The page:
Cuddles began on March 4 1929 (at least in the San Francisco Chronicle) and the last example above, dated May 4, is the latest I've seen of the series. Yet it was advertised until 1933 along with much of the rest of Kay's rarely seen output. It's a shame, too, since Charles Forbell was one fine cartoonist (I just love panel 1 of the second strip above, for instance) and the subject matter, though obviously ripped off from Twain's A Connecticut Yankee in King Arthur's Court, has great possibilities. To be fair, though, flapper comics by 1929 were already looking pretty dated since the era of the flapper was on the wane. I can imagine editors seeing the new strip and snorting, "Waddya trying to sell me here? Some strip that was drawn up in 1925?"

If anyone has a lead on any Kay Features strip, especially any appearing later than 1929, I'm anxious to hear from you.

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This was another title that Western Newspaper Union was reprinting as late as March 1934, still with the 1929 kay features copyright line.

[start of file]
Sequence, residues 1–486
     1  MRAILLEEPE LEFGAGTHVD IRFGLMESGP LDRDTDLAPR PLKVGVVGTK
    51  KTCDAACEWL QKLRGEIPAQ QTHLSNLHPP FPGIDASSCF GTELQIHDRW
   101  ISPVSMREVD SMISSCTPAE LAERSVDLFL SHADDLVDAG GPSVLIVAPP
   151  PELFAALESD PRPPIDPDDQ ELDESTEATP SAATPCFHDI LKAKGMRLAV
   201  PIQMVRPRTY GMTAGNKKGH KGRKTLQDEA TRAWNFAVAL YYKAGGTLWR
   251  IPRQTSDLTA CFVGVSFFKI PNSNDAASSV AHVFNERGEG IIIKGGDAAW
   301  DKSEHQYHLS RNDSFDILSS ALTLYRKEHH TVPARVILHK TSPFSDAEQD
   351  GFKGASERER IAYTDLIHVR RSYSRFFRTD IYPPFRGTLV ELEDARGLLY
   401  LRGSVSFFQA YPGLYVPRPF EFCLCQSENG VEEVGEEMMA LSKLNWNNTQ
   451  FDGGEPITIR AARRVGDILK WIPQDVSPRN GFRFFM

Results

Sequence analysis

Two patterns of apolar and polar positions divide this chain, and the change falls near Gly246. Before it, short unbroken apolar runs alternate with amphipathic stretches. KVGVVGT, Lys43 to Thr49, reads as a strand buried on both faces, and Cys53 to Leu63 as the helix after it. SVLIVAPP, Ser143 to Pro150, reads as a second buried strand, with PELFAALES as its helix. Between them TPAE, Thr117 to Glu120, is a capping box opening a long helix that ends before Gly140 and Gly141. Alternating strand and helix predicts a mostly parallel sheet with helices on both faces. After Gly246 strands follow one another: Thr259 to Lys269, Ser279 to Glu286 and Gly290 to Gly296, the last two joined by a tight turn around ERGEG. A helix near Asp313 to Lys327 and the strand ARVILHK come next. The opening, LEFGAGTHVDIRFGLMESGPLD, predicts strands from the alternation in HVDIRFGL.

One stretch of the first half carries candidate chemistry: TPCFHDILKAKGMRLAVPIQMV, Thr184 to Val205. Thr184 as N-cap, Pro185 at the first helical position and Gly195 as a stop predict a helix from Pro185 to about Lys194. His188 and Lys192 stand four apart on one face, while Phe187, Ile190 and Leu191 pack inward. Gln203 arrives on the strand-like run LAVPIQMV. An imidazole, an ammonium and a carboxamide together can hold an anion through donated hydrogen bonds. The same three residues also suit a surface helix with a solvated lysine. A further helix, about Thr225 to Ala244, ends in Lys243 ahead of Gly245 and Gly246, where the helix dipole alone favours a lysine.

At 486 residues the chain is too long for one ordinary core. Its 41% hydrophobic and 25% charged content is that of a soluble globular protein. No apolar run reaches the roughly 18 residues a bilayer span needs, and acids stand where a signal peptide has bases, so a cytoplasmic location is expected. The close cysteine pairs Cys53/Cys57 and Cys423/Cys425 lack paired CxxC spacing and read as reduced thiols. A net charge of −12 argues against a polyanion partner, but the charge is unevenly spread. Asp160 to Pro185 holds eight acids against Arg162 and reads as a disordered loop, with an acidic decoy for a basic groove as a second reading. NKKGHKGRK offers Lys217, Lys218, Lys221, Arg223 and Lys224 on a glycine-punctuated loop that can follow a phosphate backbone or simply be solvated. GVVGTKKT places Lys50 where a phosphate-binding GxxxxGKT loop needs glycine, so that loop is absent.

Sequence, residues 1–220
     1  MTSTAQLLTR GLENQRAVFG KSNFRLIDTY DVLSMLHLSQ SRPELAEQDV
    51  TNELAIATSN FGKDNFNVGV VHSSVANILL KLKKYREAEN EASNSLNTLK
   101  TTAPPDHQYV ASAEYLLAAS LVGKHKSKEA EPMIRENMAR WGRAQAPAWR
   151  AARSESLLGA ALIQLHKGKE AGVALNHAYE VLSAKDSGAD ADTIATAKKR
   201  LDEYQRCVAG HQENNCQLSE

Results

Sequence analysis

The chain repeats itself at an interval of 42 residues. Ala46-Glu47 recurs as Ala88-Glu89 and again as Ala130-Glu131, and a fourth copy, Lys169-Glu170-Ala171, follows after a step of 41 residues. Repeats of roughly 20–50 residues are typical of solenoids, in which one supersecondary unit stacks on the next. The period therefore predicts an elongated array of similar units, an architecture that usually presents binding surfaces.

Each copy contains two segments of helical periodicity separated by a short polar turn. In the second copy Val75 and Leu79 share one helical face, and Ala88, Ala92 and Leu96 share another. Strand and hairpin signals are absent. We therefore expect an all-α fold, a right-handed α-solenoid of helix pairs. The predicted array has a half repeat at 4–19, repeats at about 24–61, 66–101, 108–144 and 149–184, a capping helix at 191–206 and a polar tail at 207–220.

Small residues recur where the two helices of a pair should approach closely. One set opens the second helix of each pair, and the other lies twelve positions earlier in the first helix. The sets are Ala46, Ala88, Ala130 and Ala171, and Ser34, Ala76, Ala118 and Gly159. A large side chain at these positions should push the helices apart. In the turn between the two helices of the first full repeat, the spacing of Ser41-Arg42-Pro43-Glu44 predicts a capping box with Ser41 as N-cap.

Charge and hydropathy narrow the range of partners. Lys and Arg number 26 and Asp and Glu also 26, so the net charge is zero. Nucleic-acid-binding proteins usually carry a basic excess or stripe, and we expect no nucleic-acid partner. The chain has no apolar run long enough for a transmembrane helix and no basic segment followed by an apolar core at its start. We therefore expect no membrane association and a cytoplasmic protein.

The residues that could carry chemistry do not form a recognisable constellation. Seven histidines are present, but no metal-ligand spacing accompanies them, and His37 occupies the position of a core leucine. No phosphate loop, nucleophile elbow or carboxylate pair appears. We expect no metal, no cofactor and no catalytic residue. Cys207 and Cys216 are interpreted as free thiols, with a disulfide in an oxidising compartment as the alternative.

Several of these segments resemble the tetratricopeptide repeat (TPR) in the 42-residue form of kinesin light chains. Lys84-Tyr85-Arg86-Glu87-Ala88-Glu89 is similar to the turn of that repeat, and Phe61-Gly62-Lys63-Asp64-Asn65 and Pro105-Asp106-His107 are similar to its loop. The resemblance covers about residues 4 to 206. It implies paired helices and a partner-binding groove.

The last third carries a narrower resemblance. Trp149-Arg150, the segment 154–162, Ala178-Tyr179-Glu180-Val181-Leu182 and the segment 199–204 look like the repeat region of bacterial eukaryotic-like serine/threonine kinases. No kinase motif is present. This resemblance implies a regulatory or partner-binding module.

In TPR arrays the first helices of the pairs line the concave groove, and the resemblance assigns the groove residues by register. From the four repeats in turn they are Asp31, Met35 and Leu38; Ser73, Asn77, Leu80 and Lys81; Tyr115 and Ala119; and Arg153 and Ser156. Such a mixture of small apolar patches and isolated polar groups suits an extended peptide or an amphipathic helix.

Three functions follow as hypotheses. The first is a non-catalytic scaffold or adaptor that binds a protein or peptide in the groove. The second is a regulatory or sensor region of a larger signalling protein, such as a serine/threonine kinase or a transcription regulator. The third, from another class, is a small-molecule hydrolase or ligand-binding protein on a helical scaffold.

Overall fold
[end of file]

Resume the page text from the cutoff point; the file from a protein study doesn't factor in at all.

Haven't seen Cuddles from WNU. Do you recall the paper(s) where you saw this?

--Allan
 
The Fredonia Censor is the one I have it in.(New York)
 
I thought you had to be pulling my leg, but sure enough there really was a Fredonia Censor. What a title!

If you happen to have the material at hand, I wonder if Cuddles stuck with the King Arthur gimmick or did she stray off to other venues later?

--Allan
 
Grizedo --
BTW, I want to add a note about the WNU appearance of Cuddles to the Guide. Can I get your full name to credit you as source? You can email privately if you prefer (stripper@rtsco.com).

--Allan
 
Possibly they are not w.n.u., it is a fair guess though. The other strips the censor had were the old, old mcclure series Just Humans and The Clancy Kids. They also had Micky and his Gang, Drugstore Cowboys and Jungletown Fables. Maybe I'm guessing wrong that Micky is a continuation of Micky the Printer's Devil, and the three titles are really Bonnet Brown syndicate. Then the reissued Cuddles could be handled by either B-B or McClure.
 
Hi Grizedo --
At least two of the three strips you list were done by Paramount Newspaper Feature Service aka PNF Service circa 1927. Very rarely seen, but I have found them running in reprints as late as the mid-30s. I would guess that both these and the McClure series were being resold by one of those really cheapo outfits like US Feature Service.

Surprising that only the one Kay strip was included given the circumstances.

--Allan
 
Allan,

I'm glad to see you've been able to put the scan to good use. Thanks for the information on the series too.

Michael
 
My brother found this one running in THE BROOKLYN CITIZEN in 1931.-----Cole Johnson.
 
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Tuesday, June 22, 2010

 

Obscurity of the Day: Buddy Spilliken's Diary